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Today I turned a countersink inside out!

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  • #16
    I have never tried annealing something. Did you get it to a fairly soft state or was it still a bitch to drill.?

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    • #17
      Originally posted by gellfex View Post
      Thanks guys. FWIW I saw some of the commercial products that are out there, but they were either really expensive, fully manual, or delivery was dubious in these uncertain times. I need to ship this order on Friday.

      ​​​​​​Also, I don't work much steel, I certainly didn't have drill rod in 3/4 or larger! I did have a huge, odd, countersink that I have never used in 30 years.
      I figured something like that was the case. And a good case it is. Make do and save the time needed for a drive and buying spree. Anyway it still came out looking really nice. Good bit o' tool making.
      Chilliwack BC, Canada

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      • #18
        I didn't mean to question your solution. It was ingenious. And it works in a manner that is real similar to the one I purchased. Great post. Thanks!

        I just wanted to show how I solved a similar problem. The deburring tool that I bought was not overly expensive and I did use power to turn the rods that I deburred with it. Doing it by hand would have gotten real tedious, real fast. And it is a great addition to my tool chest as it does both internal and external edges. It also works with a great range of diameters: 3/16" to 1 1/2", I believe. I have used it many times since then.

        My shop made tool facing tool is for a single size only, but it really did a great job that otherwise would have required lathe or milling work. Just zip, zip, zip with a hand held drill.



        Originally posted by gellfex View Post
        Thanks guys. FWIW I saw some of the commercial products that are out there, but they were either really expensive, fully manual, or delivery was dubious in these uncertain times. I need to ship this order on Friday.

        ​​​​​​Also, I don't work much steel, I certainly didn't have drill rod in 3/4 or larger! I did have a huge, odd, countersink that I have never used in 30 years.
        Paul A.
        SE Texas

        And if you look REAL close at an analog signal,
        You will find that it has discrete steps.

        Comment


        • #19
          Originally posted by plunger View Post
          I have never tried annealing something. Did you get it to a fairly soft state or was it still a bitch to drill.?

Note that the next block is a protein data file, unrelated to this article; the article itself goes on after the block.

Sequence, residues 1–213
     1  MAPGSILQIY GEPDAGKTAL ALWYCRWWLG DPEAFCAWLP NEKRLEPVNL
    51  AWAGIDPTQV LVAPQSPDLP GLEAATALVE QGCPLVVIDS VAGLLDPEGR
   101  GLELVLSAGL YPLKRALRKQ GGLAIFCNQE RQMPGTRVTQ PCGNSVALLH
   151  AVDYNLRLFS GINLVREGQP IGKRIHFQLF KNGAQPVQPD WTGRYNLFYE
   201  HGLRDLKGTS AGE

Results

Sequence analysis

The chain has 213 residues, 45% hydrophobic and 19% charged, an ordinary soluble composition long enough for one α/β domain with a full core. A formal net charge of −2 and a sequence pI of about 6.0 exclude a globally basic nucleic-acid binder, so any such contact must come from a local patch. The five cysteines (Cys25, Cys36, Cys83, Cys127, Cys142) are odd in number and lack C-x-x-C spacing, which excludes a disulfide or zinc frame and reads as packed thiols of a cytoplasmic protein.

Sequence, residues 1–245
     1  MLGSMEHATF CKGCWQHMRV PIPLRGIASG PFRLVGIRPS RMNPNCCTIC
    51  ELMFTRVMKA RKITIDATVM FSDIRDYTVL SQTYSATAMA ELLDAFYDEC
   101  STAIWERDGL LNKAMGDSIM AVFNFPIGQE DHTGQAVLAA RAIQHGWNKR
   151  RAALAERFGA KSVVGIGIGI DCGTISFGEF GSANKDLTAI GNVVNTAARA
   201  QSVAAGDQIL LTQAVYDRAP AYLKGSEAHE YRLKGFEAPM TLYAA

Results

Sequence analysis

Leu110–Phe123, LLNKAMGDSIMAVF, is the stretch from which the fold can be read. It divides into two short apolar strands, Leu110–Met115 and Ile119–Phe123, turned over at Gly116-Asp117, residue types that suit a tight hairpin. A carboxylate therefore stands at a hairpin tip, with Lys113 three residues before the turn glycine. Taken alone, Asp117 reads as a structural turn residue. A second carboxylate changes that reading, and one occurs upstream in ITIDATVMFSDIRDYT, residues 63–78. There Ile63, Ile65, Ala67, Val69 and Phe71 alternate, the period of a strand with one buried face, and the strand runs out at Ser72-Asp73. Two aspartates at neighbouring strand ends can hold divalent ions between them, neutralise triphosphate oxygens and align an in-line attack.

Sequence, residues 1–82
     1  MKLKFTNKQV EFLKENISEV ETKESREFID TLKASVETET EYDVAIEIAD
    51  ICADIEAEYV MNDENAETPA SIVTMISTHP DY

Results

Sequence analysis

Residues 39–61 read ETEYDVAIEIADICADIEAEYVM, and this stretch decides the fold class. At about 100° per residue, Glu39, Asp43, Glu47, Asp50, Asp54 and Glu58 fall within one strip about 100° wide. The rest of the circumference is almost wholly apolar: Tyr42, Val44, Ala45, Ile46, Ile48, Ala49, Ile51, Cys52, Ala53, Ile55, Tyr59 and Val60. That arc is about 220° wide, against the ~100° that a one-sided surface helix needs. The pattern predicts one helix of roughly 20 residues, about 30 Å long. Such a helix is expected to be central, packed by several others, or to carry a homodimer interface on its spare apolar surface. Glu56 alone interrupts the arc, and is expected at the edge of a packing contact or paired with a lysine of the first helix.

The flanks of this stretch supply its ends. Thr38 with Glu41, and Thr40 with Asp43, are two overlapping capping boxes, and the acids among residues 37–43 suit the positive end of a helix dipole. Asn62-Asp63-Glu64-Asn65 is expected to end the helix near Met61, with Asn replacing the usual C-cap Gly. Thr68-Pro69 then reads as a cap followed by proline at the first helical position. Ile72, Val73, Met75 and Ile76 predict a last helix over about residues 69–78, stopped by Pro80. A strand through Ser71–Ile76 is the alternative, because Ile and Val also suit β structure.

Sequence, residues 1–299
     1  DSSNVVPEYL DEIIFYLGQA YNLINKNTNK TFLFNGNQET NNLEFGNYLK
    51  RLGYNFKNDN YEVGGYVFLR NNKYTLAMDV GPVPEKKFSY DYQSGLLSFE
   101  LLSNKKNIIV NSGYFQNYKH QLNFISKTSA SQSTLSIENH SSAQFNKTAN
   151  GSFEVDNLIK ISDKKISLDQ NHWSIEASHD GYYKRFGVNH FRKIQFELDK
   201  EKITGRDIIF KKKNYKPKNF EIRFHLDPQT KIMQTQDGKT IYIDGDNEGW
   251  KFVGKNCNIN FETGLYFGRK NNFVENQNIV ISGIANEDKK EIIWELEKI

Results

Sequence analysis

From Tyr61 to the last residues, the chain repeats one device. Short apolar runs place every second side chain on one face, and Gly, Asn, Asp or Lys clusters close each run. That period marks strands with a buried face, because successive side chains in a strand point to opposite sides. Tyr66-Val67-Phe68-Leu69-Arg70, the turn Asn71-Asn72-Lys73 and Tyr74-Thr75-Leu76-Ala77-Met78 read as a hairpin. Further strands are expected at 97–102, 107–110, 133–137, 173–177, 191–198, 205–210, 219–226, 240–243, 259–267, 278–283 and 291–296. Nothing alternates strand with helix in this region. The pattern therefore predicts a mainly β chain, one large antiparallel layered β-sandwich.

Perfectly soft and lovely to work with. I used HSS on the lathe, but the 1" HSS end mill didn't cut it. Odd of my just using it badly are high since I don't mill much steel. Fortunately I used an old resharpened one so the ruined tool was no great loss. I switched to a 2 flute carbide insert end mill.

          For me, jobs like this really make me think about workflow. While a 1.75" piece of .437 with a set screw hole in the end is easy as pie on just the lathe, when you contemplate 50 and all the starts, stops, tool changes, drill changes to taps, it really starts to add up. What works for this is cut them on the bandsaw, face to accurate length and index drill on the mill, then use this tool for deburring. It's much faster to swap parts out of the mill vise (or flip them over) with the head running than to stop a lathe and swap parts.
          Location: Jersey City NJ USA

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          • #20
            Originally posted by Paul Alciatore View Post
            I didn't mean to question your solution. It was ingenious. And it works in a manner that is real similar to the one I purchased. Great post. Thanks!

            I just wanted to show how I solved a similar problem. The deburring tool that I bought was not overly expensive and I did use power to turn the rods that I deburred with it. Doing it by hand would have gotten real tedious, real fast. And it is a great addition to my tool chest as it does both internal and external edges. It also works with a great range of diameters: 3/16" to 1 1/2", I believe. I have used it many times since then.

            My shop made tool facing tool is for a single size only, but it really did a great job that otherwise would have required lathe or milling work. Just zip, zip, zip with a hand held drill.
            I did like the look of that handheld burring tool, and will probably add one to the arsenal.
            Location: Jersey City NJ USA

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            • #21
              The blue one in Paul's last picture is very effective. His may be plastic, mine is all metal, but both will likely work the same.
              CNC machines only go through the motions

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              • #22